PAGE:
Court upholds conviction of 'Making a Murderer' lawyer for violating restraining order
Len Kachinsky. Photo from the Winnebago County Jail.
A lawyer who represented a defendant profiled in the Making a Murderer Netflix series is facing his own legal troubles.
Len Kachinsky, a lawyer and former municipal judge, failed to persuade a Wisconsin appeals court to reverse his September 2019 conviction for violating a harassment order. The order had limited Kachinsky’s communications with his municipal court manager in Fox Crossing, Wisconsin, to those that were necessary for court functions.
The Wisconsin Court of Appeals ruled July 29. The court said the prosecution comported with due process, and the conviction was supported by sufficient evidence.
Kachinsky had violated the order by hanging a poster near the court manager’s desk with an image from the Fox Crossing personnel manual, prosecutors had alleged. The section displayed had concerned sexual harassment, and the word “sexual” was highlighted.
Kachinsky testified at his trial that he hung the poster because the manager didn’t understand that he had not sexually harassed her.
Kachinsky and the court manager had a contentious relationship. Kachinsky was suspended as a Fox Crossing municipal judge in July 2018 when he was arrested on a felony stalking charge in connection with his treatment of the manager.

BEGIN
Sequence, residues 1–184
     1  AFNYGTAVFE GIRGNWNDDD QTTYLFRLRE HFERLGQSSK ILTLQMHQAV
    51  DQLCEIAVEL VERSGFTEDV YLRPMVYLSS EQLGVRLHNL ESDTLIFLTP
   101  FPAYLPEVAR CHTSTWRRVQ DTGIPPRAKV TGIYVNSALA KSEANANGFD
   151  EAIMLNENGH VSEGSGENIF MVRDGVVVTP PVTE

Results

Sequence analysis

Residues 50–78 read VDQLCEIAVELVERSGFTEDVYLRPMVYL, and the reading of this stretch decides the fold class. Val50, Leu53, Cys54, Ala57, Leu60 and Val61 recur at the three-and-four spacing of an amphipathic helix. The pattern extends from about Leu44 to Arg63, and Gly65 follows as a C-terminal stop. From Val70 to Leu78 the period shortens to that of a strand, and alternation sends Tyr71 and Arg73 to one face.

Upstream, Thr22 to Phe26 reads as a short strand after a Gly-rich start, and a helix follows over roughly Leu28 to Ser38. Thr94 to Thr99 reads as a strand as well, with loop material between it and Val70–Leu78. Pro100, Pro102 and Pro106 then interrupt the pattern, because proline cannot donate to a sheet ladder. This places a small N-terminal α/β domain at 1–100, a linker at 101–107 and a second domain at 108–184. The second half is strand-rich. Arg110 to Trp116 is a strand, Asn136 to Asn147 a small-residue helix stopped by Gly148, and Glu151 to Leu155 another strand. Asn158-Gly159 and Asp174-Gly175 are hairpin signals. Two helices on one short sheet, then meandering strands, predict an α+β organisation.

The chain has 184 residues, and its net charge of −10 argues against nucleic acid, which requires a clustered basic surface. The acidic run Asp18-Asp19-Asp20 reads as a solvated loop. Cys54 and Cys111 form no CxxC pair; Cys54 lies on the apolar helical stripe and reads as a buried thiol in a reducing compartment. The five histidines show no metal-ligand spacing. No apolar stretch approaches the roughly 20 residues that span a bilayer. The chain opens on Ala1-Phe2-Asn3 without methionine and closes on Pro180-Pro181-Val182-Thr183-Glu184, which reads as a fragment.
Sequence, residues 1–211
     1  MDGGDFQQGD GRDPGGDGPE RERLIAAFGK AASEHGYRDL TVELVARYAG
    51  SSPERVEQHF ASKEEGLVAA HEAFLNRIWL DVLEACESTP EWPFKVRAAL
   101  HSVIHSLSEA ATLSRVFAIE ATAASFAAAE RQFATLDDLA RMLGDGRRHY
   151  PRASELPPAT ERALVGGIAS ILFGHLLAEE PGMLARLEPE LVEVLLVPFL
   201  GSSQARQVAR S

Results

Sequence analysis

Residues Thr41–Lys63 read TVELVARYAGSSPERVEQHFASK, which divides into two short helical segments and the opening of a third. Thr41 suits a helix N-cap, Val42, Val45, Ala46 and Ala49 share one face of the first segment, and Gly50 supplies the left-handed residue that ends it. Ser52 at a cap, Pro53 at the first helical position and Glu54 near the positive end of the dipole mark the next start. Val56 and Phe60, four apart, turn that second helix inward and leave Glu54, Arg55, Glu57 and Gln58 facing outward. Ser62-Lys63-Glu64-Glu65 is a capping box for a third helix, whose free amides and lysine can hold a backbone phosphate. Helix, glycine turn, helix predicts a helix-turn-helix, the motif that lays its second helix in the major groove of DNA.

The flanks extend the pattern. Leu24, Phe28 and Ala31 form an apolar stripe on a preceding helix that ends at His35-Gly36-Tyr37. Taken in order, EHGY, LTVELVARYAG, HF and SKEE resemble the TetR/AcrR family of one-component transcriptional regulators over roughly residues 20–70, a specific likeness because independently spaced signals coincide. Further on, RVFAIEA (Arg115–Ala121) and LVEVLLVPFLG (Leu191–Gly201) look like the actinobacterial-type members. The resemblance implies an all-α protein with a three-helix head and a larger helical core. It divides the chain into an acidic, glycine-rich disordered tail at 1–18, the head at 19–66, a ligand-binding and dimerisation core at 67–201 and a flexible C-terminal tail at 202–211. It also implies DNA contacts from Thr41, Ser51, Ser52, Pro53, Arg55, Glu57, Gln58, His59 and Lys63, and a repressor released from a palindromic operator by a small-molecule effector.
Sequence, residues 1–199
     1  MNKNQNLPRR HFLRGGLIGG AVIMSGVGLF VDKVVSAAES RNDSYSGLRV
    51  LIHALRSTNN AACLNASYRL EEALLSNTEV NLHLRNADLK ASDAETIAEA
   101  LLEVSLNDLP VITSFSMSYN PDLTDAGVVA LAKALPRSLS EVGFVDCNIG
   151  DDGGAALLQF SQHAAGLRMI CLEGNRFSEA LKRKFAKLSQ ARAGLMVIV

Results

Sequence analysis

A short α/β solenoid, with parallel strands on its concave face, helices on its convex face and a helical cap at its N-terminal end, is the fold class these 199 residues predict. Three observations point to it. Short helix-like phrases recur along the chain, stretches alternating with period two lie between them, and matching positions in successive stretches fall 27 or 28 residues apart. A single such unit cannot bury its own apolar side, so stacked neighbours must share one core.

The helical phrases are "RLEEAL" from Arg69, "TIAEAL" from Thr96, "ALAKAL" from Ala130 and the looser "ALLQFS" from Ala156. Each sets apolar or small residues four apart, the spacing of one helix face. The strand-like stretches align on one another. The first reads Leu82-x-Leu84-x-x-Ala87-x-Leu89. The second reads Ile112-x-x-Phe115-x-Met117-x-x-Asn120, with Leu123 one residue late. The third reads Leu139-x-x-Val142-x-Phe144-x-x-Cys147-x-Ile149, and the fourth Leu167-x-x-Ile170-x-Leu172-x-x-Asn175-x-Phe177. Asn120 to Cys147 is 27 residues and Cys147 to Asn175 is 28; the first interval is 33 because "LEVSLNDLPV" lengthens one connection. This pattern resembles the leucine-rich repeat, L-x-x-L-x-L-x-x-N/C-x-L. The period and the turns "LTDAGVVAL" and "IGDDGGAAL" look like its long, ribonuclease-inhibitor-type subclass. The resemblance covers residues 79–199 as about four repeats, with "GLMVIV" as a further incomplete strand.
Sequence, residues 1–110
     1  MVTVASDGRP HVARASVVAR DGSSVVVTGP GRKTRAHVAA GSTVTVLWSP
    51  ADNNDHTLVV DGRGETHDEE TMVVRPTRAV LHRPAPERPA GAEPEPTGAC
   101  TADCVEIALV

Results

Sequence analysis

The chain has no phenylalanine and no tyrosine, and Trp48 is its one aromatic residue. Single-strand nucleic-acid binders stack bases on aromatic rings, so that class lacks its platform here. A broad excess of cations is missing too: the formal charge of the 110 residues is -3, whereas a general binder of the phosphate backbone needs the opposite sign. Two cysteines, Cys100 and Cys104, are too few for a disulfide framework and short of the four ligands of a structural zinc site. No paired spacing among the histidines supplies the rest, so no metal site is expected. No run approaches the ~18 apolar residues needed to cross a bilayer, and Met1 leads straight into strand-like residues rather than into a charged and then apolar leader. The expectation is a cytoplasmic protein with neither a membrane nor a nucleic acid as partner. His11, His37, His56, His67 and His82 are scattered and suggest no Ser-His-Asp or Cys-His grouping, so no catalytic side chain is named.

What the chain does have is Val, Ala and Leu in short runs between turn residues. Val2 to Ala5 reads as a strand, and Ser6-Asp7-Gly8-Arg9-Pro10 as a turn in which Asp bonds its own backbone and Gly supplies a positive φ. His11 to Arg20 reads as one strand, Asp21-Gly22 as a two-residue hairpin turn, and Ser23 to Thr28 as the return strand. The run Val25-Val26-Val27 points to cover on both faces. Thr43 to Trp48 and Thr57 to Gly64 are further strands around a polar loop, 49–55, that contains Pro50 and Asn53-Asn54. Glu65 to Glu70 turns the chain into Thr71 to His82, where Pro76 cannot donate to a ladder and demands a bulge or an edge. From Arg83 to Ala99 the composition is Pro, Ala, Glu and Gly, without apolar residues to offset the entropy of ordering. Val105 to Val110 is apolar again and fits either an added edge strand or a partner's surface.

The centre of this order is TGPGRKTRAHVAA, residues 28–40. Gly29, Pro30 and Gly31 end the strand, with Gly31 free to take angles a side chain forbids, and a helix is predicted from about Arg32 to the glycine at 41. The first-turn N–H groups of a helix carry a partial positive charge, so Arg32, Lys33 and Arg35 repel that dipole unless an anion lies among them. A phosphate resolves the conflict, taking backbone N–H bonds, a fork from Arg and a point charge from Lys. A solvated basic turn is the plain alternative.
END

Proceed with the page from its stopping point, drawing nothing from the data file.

Kachinsky’s defense lawyer had blamed the stalking charge partly on his client’s quirkiness. Kachinsky had once popped out from behind a counter and shouted “Roar!” at the court manager, and he would occasionally “meow randomly.” One time, he sat behind the manager making cat noises until she left, she had testified.
The court manager had told Kachinsky that she wanted to keep their relationship work-related, but he nonetheless tried to discuss matters in their personal lives and described himself as “both the boss and a close friend,” according to the Wisconsin Supreme Court opinion suspending Kachinsky from reserve judge duties.
He continued to send the court manager emails, including one asking her to “hit the reset button” on their relationship and expressing disappointment that she had unfriended him on Facebook. Another invited her to a “beer or wine summit … to discuss the relationship issue.”
He also sent a November 2017 email to the court manager that said, “By this time next week some things are going to happen that will cause a lot of fire and fury at the Municipal Building. No, I am not resigning. Just be psychologically prepared. Have a good weekend.” He giggled when the police chief asked him about the email, according to the Wisconsin Supreme Court.
Kachinsky had represented Brendan Dassey, who was convicted of helping his uncle kill a woman, despite questions about the confession that he gave at age 16. The U.S. Supreme Court refused to review the case in 2018.